Food and Water.
As part of their thermoregulatory processes, horses warm their bodies through digestion. The breakdown of hay through a long digestive tract creates tremendous heat, so it’s important to keep plenty available. Consider providing alfalfa hay available for your horse to munch on at his leisure.
Frozen water buckets can be a real issue. Unless your horse has access to a creek (which usually doesn’t freeze), you might need a heated water system, or to carry water to the barn twice daily. Horses have colic and impaction issues in winter, mostly due to inadequate water supplies and improper grain-to-hay ratios.
Horses don’t generally need a blanket unless they have previously diagnosed health issues requiring such measures, or have been trimmed/sheared for winter work. Furthermore, horses do better outdoors where they can seek less windy coves or run into shelter as desired. A run-in type prefabricated horse shed is a good idea.
If you do choose to cover your horse with a blanket, be sure you’ve got a proper fit, and all the buckles work right without rubbing, pinching or cutting your horse’s skin.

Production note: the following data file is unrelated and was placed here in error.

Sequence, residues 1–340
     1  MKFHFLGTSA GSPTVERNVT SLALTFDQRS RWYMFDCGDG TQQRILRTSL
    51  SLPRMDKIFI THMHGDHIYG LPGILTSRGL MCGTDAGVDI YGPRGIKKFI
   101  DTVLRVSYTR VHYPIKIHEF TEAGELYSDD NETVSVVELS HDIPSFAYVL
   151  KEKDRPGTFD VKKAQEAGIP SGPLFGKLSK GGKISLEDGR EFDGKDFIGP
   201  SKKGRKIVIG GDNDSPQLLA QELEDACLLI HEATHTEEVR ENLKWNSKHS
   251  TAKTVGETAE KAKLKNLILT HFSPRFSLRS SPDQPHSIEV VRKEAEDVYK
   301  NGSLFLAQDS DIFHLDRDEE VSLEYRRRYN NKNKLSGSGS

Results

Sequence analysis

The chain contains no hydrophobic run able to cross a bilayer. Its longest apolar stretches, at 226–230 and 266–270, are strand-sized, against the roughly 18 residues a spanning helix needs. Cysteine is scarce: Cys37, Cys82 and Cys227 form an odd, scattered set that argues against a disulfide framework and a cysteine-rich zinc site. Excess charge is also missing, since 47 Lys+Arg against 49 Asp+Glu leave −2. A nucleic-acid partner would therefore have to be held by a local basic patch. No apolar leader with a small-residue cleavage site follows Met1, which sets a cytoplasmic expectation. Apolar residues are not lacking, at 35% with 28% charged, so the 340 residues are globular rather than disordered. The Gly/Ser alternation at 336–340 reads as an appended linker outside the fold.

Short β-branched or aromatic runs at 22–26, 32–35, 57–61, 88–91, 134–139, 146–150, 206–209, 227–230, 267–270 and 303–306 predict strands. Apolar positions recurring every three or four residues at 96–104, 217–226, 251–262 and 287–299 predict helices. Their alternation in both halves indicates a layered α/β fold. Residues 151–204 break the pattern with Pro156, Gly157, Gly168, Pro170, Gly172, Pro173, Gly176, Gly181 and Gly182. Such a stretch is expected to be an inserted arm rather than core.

A lot of people remove horse shoes for winter, or switch to winter shoes for better traction. The iron shoes of summer have issues with ice build-up.
Although it’s cold, your horse still needs a little exercise, or come spring he’ll be too out of shape to perform well during the first warming spell. He’ll become a barn potato if you aren’t careful. A few minutes a couple times a week, even if just lunging him, will keep your beast in good shape. Because it’s cold, be sure he’s completely cool and dry after a workout, before you turn him loose or put the blanket back on him.
Carolina Storage Solutions of the Asheville, NC area loves horses and being able to help horse lovers across the Southeast by delivering horse barns to prepared sites. Call us today for more information!Share